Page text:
Dayton rodeo kicks off the weekend

DAYTON – It may only be a handful of the people in the audience at the opening night of the 76th annual Dayton National Championship Rodeo that can say it’s actually their first rodeo.

Charlie Lovin, 7, of Rosemount, Minn., is one of them.

His grandfather, Al Henderson, of Fort Dodge, brought him along.

“I thought it would be fun,” Lovin said. He was properly dressed with a cowboy hat purchased on vacation in the Black Hills.

Before Friday, he had only been able to watch the sport on television. Live action just a few feet away was an improvement.

“It’s way better,” Lovin said.

He said he that, so far, the team roping was his favorite event.

Jody Green, of Shakopee, Minn., doesn’t just jump on his horse, Cooper. Before they enter the ring, they, like any professional pair of athletes, warm up.

“It’s important,” Green said. “You need good flexibility.”

That goes for Cooper as well.

“He gets a little warm-up,” Green said.

Green is an example of the dedication that’s required to compete at the national level. He not only holds down a physically demanding job, he also spends four to five hours each day working on his roping skills.

In addition to physical agility, the successful competitor needs something else: mental focus.

“Especially at this level,” Green said.

Many of the rodeo competitors start young. Events are held at most rodeos that small children can participate in.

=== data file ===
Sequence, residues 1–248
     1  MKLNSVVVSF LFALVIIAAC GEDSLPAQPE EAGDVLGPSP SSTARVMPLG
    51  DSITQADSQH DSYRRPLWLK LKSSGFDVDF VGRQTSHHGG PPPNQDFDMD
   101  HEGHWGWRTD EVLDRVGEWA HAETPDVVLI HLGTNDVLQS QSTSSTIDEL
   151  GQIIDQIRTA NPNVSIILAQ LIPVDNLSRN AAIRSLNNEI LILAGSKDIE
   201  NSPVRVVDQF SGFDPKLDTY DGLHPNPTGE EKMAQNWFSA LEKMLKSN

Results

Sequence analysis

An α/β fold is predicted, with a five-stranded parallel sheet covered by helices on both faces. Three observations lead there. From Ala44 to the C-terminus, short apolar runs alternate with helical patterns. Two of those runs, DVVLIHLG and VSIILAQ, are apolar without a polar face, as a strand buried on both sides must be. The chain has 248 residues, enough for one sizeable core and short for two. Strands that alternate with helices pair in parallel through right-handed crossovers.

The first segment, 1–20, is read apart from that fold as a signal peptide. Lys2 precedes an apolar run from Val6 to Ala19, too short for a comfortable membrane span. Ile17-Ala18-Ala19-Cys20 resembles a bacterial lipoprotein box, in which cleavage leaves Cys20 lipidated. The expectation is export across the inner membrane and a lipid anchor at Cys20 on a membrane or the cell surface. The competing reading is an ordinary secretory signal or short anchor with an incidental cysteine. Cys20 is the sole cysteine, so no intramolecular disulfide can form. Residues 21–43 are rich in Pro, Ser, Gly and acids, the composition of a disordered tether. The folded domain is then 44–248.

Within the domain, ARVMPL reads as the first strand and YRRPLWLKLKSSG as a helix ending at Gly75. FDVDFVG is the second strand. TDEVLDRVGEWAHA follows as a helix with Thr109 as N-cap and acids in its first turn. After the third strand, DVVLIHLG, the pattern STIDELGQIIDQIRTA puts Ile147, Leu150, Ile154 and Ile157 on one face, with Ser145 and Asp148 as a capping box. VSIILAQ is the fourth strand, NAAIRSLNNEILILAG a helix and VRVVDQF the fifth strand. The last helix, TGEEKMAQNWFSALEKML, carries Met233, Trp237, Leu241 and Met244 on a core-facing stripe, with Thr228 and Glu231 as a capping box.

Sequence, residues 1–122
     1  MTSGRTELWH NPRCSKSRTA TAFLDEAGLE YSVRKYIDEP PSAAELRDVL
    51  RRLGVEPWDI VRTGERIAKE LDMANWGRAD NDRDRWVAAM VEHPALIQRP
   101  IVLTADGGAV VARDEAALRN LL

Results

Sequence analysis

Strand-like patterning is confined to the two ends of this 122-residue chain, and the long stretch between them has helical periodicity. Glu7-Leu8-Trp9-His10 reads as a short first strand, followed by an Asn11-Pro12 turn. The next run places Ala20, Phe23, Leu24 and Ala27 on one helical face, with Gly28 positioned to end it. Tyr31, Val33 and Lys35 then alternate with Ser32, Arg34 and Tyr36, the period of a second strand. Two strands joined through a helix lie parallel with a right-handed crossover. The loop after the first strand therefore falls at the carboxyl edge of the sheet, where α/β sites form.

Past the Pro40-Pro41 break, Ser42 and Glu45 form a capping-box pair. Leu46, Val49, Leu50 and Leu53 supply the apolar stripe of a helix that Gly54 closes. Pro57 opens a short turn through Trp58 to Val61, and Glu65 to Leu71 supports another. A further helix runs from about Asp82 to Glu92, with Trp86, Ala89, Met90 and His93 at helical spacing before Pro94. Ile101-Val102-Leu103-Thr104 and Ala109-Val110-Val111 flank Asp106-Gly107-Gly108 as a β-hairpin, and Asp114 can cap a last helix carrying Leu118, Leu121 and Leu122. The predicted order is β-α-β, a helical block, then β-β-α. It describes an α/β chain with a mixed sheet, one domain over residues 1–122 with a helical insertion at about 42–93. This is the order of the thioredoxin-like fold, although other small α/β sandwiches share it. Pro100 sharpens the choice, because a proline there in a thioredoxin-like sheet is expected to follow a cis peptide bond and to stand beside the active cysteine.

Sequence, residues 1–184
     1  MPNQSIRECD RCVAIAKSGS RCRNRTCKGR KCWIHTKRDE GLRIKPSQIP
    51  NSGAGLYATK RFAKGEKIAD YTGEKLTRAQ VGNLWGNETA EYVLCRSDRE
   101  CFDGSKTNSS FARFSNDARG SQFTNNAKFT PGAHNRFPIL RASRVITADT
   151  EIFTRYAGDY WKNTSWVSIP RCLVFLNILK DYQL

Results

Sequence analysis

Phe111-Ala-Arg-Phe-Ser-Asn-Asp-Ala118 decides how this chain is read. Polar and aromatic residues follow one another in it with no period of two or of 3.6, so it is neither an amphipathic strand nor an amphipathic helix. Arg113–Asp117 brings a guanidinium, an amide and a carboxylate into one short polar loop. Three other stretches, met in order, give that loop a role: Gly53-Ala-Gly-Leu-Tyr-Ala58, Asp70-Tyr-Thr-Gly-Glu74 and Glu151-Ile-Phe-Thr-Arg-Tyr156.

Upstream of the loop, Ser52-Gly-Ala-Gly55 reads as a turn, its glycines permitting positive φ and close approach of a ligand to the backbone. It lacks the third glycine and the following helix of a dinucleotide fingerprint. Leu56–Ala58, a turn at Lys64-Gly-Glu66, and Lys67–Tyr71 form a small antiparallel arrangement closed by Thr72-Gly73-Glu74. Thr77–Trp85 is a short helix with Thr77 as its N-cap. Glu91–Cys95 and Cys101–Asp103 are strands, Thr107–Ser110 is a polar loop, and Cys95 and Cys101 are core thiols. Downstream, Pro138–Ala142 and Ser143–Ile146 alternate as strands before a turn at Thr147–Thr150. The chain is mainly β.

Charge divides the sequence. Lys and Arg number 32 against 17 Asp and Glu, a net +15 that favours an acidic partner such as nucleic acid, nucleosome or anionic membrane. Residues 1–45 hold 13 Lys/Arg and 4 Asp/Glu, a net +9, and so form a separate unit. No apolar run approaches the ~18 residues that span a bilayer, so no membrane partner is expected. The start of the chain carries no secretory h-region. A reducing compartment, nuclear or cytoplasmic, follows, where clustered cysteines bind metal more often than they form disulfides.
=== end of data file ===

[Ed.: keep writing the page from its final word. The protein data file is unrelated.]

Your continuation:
Sometimes, though, they get to watch the adults – and that’s what Grady Green, 4, of Cherry Valley, Ill., was doing from atop a walkway.

“I’m watching,” he said after carefully tucking in his shirt.

But he also lent a hand.

“I’m helping sort cattle,” he said. “That’s all.”

In addition to the rodeo, there is a flea market, vendors and carnival rides.

One of the vendors, Muir Embroidery and Sports Shop, of Jefferson, became a stop for Mackenzie Lambert, 9, of Dayton. She had selected a pair of pink, white and red boots with a heart on them. Lambert was already wearing them while her siblings continued to shop.

“My favorite color is red,” she said, adding, “I like pink and I like hearts.”

She planned on saving them for some special occasions and, of course, “4-H and the rodeo,” she said.

Today’s rodeo begins at 7 p.m., as does the Sunday night event. On Monday, the annual Labor Day parade starts at 10 a.m. with the rodeo kicking off at 1:30 p.m.

Tickets are $17 for adults and $7 for children.